Thousands of people gathered in Berlin on Sunday amid a heavy police presence for rival demonstrations, staged by the far-right Alternative for Germany (AfD) party and by counter-protesters.
Police said more than 5,000 people attended the AfD demonstration, while at least twice as many opposed them.
Supporters of the anti-immigration AfD chanted “We are the people”, and were met with chants of “Go away Nazis”.
Berlin police said they had used pepper spray to keep the two groups apart.
AfD supporters gathered at Berlin’s main train station shortly after midday, following a call to members to march through the city “for the future of Germany”.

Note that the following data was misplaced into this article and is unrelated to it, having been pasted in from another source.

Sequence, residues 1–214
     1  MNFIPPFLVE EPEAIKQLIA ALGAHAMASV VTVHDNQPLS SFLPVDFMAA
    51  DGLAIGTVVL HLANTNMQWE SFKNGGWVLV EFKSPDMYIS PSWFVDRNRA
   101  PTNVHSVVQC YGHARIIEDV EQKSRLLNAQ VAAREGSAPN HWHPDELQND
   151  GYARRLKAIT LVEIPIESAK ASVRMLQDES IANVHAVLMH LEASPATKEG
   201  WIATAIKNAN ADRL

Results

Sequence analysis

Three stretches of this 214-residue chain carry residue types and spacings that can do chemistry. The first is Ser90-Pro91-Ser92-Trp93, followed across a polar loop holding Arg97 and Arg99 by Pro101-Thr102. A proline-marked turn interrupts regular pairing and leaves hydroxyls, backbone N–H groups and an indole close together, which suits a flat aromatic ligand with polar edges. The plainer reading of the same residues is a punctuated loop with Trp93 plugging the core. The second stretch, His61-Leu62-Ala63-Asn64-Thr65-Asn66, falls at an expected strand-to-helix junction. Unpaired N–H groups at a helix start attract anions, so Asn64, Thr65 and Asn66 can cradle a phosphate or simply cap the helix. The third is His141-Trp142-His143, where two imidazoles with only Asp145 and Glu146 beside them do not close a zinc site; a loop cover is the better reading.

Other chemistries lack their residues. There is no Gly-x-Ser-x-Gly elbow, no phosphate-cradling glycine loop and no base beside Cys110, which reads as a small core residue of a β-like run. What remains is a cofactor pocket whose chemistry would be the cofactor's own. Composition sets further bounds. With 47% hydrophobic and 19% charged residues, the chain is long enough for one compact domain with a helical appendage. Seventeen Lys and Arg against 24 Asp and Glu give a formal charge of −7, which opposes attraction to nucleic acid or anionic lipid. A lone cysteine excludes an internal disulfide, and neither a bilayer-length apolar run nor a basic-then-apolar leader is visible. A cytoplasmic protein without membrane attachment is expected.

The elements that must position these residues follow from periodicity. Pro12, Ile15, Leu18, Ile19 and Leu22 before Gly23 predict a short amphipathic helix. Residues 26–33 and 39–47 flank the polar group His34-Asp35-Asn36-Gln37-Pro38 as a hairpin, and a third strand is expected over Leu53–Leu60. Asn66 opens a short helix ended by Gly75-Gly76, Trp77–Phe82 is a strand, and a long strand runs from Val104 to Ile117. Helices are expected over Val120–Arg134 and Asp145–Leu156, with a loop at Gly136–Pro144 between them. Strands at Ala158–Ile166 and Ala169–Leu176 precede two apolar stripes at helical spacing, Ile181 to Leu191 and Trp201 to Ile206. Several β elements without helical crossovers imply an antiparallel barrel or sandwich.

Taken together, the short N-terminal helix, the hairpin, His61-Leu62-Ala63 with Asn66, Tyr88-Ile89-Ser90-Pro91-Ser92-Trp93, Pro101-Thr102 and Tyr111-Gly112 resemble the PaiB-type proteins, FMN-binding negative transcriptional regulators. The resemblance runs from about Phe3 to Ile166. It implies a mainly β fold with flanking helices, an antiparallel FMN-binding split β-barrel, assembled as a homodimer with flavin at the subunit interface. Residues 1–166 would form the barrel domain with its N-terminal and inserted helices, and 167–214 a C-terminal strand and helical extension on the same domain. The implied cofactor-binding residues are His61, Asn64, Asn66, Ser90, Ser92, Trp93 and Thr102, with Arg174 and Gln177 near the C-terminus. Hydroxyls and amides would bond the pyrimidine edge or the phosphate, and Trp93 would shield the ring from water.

Images showed riot police making arrests following sporadic clashes at Friedrichstrasse station.
It was the largest gathering of the nationalist party since it became the largest opposition party in Germany earlier this year, taking 13% of the vote in a general election.
In a newspaper interview ahead of the demonstrations on Sunday, Annegret Kramp-Karrenbauer, the general secretary of Germany’s main governing party, the Christian Democrats, accused AfD of being anti-Semitic.
She told Bild am Sonntag the party was a threat to Jewish life in Germany, adding, “there are anti-Semitists in all corners of your party”. The AfD denies being anti-Semitic.
Top AfD figures Joerg Meuthen and Alexander Gauland were due to address the crowd on Sunday.
AfD Berlin chief Georg Pazderski said ahead of the march that many of the party’s supporters feared being “stigmatised” despite the party’s electoral success.
Berlin far-right supporters outnumbered by counter-protest